Tower management companies are scrambling for a stake in Africa as more telecommunication firms opt for sale-and-leaseback, in order to raise funds for operations in an increasingly competitive sector.
Four tower companies — IHS, Eaton Towers, Helios Towers Africa and American Tower Corporation — are competing at every turn for masts that are being sold by the continent’s leading telcos like Vodacom, Vodafone, Etisalat, Orange, MTN and Airtel. The telcos are divesting from infrastructure to focus on service delivery.
“Five or six years ago, there was a reluctance, but the increased load on the networks as more customers come on board and want more services, particularly data means networks need to do more to cut their costs and focus on services,” said Terry Rhode, Eaton chief executive officer.
“They’ve all agreed, all the major ones, that sharing their towers is the way to go.”
Julius Ngonga, transaction advisory services partner at Ernst Young, said that the trend is expected to intensify in future as the usage of mobile phones and Internet rises in Africa.
“All mobile companies may soon find it necessary to separate infrastructure management from mobile services, giving more room to tower managers,” said Mr Julius Ngonga.
In July, for example, Bharti Airtel announced that it had concluded transactions valued at over $1.3 billion, which would be used to draw down debt. These transactions have been concluded in Nigeria, Uganda, Ghana, Rwanda and Congo Brazzaville with a target of 13 African countries in coming months.
A deal with Eaton for the sale of 1,100 towers in Kenya will be sealed soon, officials said. The company’s net debt as at March 31 had increased to $10.7 million from $10 million last year.
According to Eaton, which is also in tower deals with MTN, Orange, Tigo, Vodacom and Vodafone in seven countries, African mobile network operators are facing increased demand for voice and data services as customers acquire smartphones, while returns are under pressure due to price wars.
“Network build and operating costs are significantly higher in Africa, yet revenues per customer are falling and regulators are seeking additional rural coverage and improvements in the quality of service,” said Terry Rhodes, CEO of Eaton Towers.
Estimates show that sub-Saharan Africa has more than 240,000 towers providing mobile coverage to 70 per cent of the population. The number is expected to grow to over 325,000 towers by 2020.
Africa currently has an estimated 145,000 off-grid sites, a number that is expected to grow to 189,000 by 2020. The number of bad-grid sites is expected to grow from 84,000 in 2014 to over 100,000 sites by the year 2020. In bad grid sites, power is not available continuously and even when available, it is not of good quality.
A report by KPMG titled Tower Company Landscape Changes in Africa and the Middle East, notes that tower sharing on the continent is growing rapidly.
“Yet Africa still requires at least 50,000 additional towers by 2016, translating into some $7.5 billion of capital expenditure,” according to KPMG.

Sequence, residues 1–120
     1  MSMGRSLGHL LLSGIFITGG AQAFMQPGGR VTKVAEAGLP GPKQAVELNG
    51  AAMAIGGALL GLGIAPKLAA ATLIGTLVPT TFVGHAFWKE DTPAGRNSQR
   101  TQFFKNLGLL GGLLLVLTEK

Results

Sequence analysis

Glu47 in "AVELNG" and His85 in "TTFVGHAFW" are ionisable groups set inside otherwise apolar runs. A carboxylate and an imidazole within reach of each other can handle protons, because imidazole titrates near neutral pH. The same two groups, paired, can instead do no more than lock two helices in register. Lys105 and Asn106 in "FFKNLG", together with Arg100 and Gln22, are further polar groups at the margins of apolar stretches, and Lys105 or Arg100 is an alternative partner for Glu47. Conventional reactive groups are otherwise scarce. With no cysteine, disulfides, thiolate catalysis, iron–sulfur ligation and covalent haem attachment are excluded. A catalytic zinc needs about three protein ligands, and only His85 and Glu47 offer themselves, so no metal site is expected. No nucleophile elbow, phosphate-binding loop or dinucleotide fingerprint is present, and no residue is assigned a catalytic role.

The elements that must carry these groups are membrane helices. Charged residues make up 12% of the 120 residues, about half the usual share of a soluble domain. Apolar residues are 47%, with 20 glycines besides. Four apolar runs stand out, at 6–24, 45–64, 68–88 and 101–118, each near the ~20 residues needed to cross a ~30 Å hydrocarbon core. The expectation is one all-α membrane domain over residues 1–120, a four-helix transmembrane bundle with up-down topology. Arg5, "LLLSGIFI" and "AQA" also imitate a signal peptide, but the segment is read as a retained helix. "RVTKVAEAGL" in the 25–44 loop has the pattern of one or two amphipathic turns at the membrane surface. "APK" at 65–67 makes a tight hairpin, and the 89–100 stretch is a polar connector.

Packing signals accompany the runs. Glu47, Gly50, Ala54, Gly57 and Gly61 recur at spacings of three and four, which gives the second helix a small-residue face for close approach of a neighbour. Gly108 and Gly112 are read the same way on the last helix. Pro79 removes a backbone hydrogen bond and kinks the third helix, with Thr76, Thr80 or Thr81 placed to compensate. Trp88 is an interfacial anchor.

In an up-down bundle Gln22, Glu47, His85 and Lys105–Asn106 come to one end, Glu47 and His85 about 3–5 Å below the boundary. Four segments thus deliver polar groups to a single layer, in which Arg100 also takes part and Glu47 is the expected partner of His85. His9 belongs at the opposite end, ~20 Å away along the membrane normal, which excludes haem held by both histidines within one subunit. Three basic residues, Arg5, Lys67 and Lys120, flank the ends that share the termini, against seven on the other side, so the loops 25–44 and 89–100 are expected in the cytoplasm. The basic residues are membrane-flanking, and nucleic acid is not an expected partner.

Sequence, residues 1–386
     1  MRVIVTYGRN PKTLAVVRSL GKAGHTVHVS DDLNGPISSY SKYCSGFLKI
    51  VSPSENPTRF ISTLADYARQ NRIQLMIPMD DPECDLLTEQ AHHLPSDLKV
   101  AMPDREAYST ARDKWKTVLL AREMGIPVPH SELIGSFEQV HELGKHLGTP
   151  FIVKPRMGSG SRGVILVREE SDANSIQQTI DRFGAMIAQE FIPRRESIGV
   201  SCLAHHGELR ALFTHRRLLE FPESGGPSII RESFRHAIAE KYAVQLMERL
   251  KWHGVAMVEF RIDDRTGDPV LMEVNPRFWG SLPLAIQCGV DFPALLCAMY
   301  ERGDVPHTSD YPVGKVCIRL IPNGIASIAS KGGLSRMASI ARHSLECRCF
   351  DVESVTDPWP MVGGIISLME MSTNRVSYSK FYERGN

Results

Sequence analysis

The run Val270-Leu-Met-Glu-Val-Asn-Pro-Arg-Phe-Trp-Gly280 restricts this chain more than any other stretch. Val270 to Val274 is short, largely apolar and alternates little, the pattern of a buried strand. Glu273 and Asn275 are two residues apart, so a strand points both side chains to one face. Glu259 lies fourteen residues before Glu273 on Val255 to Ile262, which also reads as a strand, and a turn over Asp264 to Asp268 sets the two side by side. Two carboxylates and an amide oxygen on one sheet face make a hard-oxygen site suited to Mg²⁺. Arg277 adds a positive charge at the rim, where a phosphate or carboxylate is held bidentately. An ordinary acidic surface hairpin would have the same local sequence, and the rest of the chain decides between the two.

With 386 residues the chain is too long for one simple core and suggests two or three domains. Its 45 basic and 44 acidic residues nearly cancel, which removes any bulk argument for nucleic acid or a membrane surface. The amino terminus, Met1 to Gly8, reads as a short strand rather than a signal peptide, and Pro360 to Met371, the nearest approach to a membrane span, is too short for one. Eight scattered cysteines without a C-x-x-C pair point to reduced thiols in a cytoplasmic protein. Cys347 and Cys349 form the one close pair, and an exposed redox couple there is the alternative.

Another reason telecommunication companies are offloading their towers is the challenge of power outages and inadequate electricity supply which forces them to spend more on buying diesel to run the towers.
But as they take over, tower companies are developing alternatives to electricity usage.
For example, since Q1 2013, IHS has spent $500 million across Africa to deploy advanced generators, batteries and alternative power solutions to reduce diesel consumption. The company plans to have up to 80 per cent of its towers running on hybrid solar solutions.
Although Safaricom, Kenya’s leading telecommunications firm by subscriber numbers, has not leased or sold its masts in the country, the company has turned to solar energy to power some of its cell towers located in remote off-grid areas.
“We have deployed solar or wind energy solutions in 77 sites over the year, and fitted 79 sites with power cubes [efficient hybrid energy systems\ and 127 sites with free cooling units,” said Stephen Chege, Safaricom director of corporate affairs. “We are also using low voltage auto phase selectors and deep cycle batteries.”
According to Chuck Green, Helios chairman, the growth drivers underpinning the telecoms towers industry continue to be robust.
“There is a need for 100,000 points of service (“PoS”) in Africa to satisfy demand for 2G coverage and associated capacity over the next five years. This PoS requirement is underpinned further by the growing demand for 3G and 4G data, which is driving the need for significant additional infrastructure capacity and in-fill across the continent,” he said.
According to Issam Darwish, co-founder of IHS Towers, the future of Africa is the smartphone but operators lack the required investments.
“The continent has not been able to build the kind of infrastructure it requires to satisfy the penetration levels in voice and broadband that it required. In the US, the mobile industry was built on the idea of sharing towers and competitors became partners to lower their costs. This wasn’t the case in Africa,” he said.
Francis Wang’ombe, the director general of the Competition Authority of Kenya said the country’s current regulation ought to have separated infrastructure ownership from other services to enable sharing and make it easier for new entrants.
“We should have an independent provider to run infrastructure so that carriers could share,” he said.
“As it is, we have so many masts and providers digging trenches everywhere to enable fibre connectivity to their customers.”